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What to do when your Trading System is not the problem

You think you have great entries and exits, and you have position sizes that you’re comfortable with. Yet when you systematize them, the hypothetical results are not critical to the extent that you can use them to manage risk — or raise any capital to trade.

So you go back into the dashboard of your simulator and you start the tweak the living daylights out of your entries. That doesn’t work. You tweak your exits. That does’t work either. You test smaller positions. That doesn’t work.

You begin to add indicators to your rules. They bring small but positive changes, but the overall hypothetical results still stink. You layer another 47 indicators on top of one another and you finally have something that will make money. But now the problem is that the system makes only 3 trades over the last 10 years. It basically needs to be Leap Year for you to put a trade on.

You’re about to scrap the whole file and start over. You’re feeling enormous buyer’s remorse because although the simulator isn’t necessarily expensive, it feels so when you can’t get it to work. You may become so frustrated that you want to quit.

The problem could be with your data. Yes, it’s important to have clean data in that you don’t want any bad prints to trigger trades in your simulator that will otherwise destroy your ethos when it would otherwise yield results that would look promising on the first pass. I’m talking about the universe of names (tickers) in the data that you’re pumping through the simulator.

You may need to rake the data before you run it through the simulator. Gold does not trade like Sugar does not trade like Apple. Why would you have them in the same data universe? You wouldn’t and that’s an easy one to understand. Suppose your trading rules worked better in one asset class that another? Or suppose they worked well for one capitalization but not another? Maybe you should consider segregating the small caps from the large caps…

Here you are double-clicking your mouse for 10 days trying to get your system to work and the problem is not with the system, but in the data.

You can rake your data before you run it through your system and create your own universe of securities to test. Here are a few examples:

–NYSE listed securities only
–Average Daily Trading Volume (ADTV) > 10MM shares
–prices between $20 and $75
–omit Preferreds

Test everything at the portfolio level to make sure that your rules are robust, and try to keep your rules simple so that you can explain them very easily to a non-pro.

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There are many misconceptions about creating a mechanized trading system. Some feel that mechanized systems are better than discretionary systems as if they give a trader an edge. I think this may be true for those traders just starting out. However, I personally know many discretionary traders that have done just fine without systems. The key is to do what’s best for you. Allocators will give money to traders who can perform. Lastly, discretionary trading is a form of a system unto itself. More on this in another post.

I tend to see those traders who wish to become CTAs going the mechanized system route and those that are endeavoring to become prop traders go the discretionary route. What separates them is either years of experience and normally a focus on one instrument or sector.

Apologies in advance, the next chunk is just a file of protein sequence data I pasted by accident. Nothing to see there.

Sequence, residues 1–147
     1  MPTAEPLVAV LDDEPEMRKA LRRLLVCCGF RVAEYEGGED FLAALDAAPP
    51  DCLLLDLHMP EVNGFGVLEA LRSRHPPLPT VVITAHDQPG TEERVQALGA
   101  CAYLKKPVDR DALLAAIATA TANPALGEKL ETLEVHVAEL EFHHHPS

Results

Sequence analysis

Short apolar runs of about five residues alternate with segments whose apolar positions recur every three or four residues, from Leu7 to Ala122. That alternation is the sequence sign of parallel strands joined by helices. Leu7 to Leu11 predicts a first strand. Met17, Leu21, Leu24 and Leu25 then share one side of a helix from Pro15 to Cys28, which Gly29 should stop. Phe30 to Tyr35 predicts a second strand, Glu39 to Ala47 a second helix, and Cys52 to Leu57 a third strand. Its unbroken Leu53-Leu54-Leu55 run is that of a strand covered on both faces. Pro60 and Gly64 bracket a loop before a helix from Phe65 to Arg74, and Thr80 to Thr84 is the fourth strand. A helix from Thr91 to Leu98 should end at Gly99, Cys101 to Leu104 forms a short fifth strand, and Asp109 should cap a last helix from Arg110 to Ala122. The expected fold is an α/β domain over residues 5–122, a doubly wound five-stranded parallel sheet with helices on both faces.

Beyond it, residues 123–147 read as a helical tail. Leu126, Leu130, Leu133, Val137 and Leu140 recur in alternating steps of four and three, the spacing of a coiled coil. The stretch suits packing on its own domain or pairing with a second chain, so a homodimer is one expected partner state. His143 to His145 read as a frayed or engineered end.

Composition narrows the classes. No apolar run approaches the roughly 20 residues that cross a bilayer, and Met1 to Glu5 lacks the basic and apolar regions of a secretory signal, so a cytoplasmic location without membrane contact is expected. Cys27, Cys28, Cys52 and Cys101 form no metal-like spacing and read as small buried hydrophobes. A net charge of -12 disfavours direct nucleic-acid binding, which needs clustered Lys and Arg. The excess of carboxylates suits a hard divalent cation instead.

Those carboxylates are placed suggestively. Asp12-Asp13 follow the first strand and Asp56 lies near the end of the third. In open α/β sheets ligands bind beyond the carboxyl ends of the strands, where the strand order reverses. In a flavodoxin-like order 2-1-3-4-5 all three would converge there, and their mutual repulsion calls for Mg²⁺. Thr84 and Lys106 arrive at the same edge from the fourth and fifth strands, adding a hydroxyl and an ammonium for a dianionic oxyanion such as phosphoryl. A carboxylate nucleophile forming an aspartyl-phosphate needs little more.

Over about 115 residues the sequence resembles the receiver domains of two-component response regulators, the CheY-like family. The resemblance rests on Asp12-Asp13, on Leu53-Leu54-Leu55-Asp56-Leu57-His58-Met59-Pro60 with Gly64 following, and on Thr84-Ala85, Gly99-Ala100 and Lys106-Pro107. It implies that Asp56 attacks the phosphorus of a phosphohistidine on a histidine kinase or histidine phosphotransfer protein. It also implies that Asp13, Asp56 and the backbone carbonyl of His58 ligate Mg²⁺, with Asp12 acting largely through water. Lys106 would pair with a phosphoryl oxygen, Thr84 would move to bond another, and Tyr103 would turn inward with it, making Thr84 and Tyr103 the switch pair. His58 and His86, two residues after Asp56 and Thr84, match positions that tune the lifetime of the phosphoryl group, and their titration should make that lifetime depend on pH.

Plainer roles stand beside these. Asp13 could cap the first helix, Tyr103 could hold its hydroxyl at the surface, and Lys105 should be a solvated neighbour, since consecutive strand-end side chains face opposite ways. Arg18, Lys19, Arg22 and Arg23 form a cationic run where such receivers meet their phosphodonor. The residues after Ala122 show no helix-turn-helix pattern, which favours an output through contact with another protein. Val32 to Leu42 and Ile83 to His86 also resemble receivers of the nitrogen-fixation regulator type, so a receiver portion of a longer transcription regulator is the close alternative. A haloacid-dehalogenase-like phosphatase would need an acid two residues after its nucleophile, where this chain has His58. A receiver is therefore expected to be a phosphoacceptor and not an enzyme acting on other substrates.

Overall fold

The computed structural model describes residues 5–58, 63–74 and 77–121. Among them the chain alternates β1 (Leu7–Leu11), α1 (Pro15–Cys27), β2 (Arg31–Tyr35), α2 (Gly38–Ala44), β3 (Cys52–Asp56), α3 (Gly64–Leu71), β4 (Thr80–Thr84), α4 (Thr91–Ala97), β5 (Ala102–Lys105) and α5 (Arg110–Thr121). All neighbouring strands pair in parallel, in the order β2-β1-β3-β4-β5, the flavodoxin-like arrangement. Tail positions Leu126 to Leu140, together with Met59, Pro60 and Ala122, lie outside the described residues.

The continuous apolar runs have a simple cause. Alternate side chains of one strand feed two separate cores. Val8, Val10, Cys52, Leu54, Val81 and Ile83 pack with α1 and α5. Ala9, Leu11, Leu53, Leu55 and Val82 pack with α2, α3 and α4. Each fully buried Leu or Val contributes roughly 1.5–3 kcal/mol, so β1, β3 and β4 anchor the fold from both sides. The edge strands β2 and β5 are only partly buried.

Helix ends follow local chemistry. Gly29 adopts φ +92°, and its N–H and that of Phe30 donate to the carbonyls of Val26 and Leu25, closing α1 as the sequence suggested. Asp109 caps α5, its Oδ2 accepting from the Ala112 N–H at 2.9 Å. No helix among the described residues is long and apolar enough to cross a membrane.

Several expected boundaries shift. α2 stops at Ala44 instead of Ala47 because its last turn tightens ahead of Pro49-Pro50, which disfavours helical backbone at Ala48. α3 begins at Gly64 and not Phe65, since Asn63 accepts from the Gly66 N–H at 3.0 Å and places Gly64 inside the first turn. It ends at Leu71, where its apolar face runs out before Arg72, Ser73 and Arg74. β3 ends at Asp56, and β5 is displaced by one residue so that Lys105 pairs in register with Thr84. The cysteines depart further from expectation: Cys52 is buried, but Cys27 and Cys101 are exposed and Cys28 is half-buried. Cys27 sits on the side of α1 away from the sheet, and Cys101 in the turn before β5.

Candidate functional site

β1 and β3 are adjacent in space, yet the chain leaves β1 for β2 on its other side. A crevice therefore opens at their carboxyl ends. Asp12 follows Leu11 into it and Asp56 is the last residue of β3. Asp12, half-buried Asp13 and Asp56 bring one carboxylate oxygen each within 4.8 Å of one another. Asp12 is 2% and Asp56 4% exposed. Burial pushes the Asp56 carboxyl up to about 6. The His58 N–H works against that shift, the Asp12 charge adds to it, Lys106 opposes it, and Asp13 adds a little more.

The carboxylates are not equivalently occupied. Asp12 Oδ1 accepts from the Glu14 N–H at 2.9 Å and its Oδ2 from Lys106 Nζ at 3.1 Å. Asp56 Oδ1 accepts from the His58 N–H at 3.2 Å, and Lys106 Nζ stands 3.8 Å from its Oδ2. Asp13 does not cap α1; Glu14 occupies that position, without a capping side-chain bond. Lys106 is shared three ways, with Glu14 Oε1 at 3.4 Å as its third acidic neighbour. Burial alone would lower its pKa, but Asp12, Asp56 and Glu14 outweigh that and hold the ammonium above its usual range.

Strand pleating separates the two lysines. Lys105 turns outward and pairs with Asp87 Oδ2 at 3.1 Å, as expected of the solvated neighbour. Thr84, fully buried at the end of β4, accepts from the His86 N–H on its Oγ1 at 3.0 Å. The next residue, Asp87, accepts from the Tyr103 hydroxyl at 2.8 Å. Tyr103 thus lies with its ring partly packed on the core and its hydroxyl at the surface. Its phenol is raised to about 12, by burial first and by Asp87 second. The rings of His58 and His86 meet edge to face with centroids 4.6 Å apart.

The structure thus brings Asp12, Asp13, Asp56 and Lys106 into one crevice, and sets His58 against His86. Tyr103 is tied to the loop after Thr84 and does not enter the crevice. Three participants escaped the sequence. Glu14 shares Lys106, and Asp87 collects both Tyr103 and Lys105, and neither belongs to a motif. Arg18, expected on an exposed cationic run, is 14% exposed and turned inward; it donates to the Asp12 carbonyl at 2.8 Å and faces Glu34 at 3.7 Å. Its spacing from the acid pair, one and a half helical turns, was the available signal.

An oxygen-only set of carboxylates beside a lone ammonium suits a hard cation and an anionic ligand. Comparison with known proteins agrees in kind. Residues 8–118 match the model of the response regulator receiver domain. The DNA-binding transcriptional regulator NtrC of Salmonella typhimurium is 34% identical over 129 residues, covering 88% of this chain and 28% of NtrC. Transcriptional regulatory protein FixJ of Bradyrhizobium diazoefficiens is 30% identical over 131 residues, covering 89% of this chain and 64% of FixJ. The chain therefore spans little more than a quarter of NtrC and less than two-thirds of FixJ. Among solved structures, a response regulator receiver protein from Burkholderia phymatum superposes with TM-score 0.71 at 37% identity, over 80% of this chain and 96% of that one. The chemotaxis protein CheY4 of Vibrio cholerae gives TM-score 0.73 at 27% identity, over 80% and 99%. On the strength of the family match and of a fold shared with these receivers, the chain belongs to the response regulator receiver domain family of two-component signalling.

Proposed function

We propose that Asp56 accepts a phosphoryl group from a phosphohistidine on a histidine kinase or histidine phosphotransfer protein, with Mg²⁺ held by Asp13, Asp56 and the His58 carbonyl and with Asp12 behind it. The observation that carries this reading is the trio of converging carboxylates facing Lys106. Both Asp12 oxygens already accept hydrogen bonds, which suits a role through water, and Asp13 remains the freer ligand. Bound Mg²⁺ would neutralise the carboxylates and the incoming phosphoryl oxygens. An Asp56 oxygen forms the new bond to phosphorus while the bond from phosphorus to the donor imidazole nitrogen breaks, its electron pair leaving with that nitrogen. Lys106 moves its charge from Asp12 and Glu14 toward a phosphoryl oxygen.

Overall, I believe that it’s a great idea for a new trader to get to know and build systems from scratch with a simulator such as Trading Blox, for example, to get a very intimate understanding of all the moving parts that involve a trade: volatility, volume, price action, trends, and large counter-trend moves to name a few.

What’s lost on most most new traders is how their emotional intelligence is a major factor on their mechanized trading rules. Hint: they’re there whether you know it or not.

For example, if you are a risk taker in life, you’ll find that your personality type is manifest in your ultimate trading system. If you tend to be methodical and “slow and steady,” you’ll find that your approach to your mechanized trading rules is the same. If you don’t trust yourself, you won’t trust your system no matter how long you spend putting it together. If you have self-doubt, your rules will likely be the perfect system for generating tons of indecision and self-doubt.

Ultimately, all the decisions you make in creating your trading system are discretionary. That includes how much to risk per trade, positions sizes, entries, exits, and what instruments to trade. To say it in writing, there are no rules in creating your trading rules. That’s where your intelligence, emotional constitution, sense of self-awareness, and emotional intelligence all come together. I think the best traders are strong in all of these areas. Wisdom in these areas does not come easy. After I’d completed a great deal of what some of you are about to endeavor, I STILL needed to get my head handed to me. I documented a great deal of what I needed to live through in my book.

You are using your judgement and are weighing the tradeoffs between parameters and hypothetical outcomes to see which “feel” best. Feel here is emotional not intellectual, ie, “I’m scared and fearful about my long gold position,” not “I’m bullish or bearish on gold.” How you feel will affect your behavior and your behavior determines and predicts where you end up in life.

You can set up a system to be geared for triple-digit returns or for fractions of percentage points per month. You get to make those decisions, and as such, your system like all others has a discretionary element. But know this: if you swing for the fences, you’ll have to live with large drawdowns (realized and unrealized losses). You determine the calibration of these tradeoffs — and that is discretionary. Keep in mind, small hypothetical gains go with smaller drawdowns of shorter duration, and large hypothetical gains go with larger drawdowns of longer duration.